When the world gives you mangos...make mango daiquiris. Obviously.

Late into the evening the night before the equipment was to be deployed the instruments were programmed and split up into the right number of instruments for each group. There were about 15 teams of deployers. Keeping track of the instruments and the data is what we folks from PASSCAL are there to do.

Not everything went as smoothly as was hoped during the experiment. It was on the fringes of the rainy season and most, if not all, of the sections of the deployment lines were along dirt -- mud if you prefer -- roads. Below is one of the rental vehicles (they were all rental vehicles) that wasn't going too fast or anything, but whose driver got just a little too close to the edge of the road. The vehicle started slowly sliding sideways down the embankment and calmly rolled onto its side.

Plenty of computing power you say? "No", I say. We had two Sun Microsystems workstations to crunch on and convert the data from its raw format that is offloaded from the Texans to a format that other programs can recognize. Very little, if any, data was processed from the first two deployments that were done before I got there and with more coming in every few days these machines, their lack of disk space, all of the tape drives that failed, the power outages, and the sheer number of sites and all of the information such as exactly which instrument was where when, kept us from being able to keep up with demand. A lot of the finished data products had to be made back in Socorro weeks after the project finished.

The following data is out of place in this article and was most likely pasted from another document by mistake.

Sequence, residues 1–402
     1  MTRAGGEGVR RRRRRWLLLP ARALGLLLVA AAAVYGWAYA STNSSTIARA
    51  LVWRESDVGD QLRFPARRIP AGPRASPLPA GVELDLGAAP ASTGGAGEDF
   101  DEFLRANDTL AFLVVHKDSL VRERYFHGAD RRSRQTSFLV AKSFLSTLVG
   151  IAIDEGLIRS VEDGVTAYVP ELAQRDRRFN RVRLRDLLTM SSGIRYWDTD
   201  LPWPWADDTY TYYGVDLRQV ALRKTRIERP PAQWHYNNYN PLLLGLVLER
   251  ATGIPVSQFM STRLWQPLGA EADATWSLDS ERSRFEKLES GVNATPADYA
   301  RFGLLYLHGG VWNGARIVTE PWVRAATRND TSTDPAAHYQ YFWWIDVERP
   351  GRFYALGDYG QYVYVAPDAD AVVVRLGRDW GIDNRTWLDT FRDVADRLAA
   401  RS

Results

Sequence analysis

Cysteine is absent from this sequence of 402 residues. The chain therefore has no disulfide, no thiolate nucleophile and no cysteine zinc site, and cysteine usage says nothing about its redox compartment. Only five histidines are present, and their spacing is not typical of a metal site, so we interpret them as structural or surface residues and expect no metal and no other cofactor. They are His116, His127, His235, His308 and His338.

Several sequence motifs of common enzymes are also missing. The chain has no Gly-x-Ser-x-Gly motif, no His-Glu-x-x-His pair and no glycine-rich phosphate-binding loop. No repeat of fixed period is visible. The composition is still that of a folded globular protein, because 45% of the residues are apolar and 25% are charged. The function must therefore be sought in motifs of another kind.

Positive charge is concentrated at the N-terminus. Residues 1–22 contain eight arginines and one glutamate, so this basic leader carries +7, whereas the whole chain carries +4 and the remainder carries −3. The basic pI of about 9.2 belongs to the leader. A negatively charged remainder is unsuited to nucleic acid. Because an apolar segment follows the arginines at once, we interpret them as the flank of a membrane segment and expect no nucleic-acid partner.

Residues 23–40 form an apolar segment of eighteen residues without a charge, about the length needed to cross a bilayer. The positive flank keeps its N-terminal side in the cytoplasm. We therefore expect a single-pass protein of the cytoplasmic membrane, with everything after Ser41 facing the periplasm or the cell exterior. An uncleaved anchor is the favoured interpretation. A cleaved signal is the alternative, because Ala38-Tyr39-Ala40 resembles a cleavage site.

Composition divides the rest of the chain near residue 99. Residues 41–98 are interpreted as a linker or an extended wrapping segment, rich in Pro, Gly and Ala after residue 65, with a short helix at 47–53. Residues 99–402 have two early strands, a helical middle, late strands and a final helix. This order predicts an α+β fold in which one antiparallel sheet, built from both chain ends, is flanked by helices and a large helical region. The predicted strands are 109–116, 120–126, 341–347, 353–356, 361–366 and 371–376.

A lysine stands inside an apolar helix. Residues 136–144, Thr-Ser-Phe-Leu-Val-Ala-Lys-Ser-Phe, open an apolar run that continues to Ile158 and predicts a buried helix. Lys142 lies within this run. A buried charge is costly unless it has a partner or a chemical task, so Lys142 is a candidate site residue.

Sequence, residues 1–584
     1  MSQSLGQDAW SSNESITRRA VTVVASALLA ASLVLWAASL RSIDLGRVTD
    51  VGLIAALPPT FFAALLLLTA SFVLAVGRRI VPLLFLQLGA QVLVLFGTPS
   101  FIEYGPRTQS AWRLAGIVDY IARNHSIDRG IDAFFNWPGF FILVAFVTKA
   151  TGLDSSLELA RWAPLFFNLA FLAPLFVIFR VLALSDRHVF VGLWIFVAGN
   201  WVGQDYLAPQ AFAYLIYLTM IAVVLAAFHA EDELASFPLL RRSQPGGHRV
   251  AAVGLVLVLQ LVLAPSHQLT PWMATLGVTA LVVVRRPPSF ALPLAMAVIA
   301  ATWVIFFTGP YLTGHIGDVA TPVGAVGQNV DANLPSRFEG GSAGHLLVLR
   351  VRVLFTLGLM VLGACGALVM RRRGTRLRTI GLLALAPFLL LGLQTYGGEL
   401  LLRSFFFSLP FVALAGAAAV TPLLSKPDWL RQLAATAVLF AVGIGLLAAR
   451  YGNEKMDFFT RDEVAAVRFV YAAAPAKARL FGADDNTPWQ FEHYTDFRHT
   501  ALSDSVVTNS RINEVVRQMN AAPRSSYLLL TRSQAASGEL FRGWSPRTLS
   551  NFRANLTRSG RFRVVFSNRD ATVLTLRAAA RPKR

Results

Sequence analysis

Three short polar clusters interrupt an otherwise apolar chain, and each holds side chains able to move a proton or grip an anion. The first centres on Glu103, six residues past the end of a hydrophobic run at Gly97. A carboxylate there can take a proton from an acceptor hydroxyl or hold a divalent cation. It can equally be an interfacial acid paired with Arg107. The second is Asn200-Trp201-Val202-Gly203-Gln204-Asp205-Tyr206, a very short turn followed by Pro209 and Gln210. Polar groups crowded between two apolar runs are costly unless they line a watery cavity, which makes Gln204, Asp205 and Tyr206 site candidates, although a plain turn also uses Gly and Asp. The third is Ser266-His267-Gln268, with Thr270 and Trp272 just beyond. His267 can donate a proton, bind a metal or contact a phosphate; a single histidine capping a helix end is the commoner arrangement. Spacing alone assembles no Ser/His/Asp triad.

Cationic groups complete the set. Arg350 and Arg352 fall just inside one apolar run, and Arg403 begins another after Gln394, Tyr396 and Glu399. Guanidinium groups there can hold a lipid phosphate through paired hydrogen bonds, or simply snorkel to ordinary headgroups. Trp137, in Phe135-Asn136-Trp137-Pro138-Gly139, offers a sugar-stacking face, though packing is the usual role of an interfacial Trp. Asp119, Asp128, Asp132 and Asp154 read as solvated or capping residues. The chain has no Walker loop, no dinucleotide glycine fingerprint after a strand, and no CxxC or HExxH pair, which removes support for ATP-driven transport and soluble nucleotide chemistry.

I'll never use a Colgate product again. "They" came in for a meeting in the conference room where we had all of our processing equipment. It wasn't good enough for "them" that we just hide all of our stuff in a corner of the room, so we had to break down all of the Texan computer systems and the workstations and move all of it out for the day, and then move all of it back in at the end of the day. What a pain in the gums.

One of the main intersections in La Victoria was dug up for repairs. We called the street that crossed the town's main street at this intersection "Dirt Street", because you could easily see the piles of dirt from the other streets that paralleled the main street. It was a handy reference. When you saw the dirt you knew where you were even if you didn't know where you were. When coming back on the main street from somewhere at night the traffic was usually light enough that you could just drive around the piles of dirt by driving up on the sidewalks and continuing on.

La Victoria was a pretty nice town. It was founded in 1593, but, because of the history of the area must have been called something else before the early 1800's. La Victoria ("The Victory") refers to a battle waged in 1814 during South America's fight for independence from Spain. There were plenty of nice restaurants and shops and the natives seemed pretty friendly. Below is Plaza Ribas. The church on the edge of the plaza is the Iglesia de Nuestra Señora de la Victoria.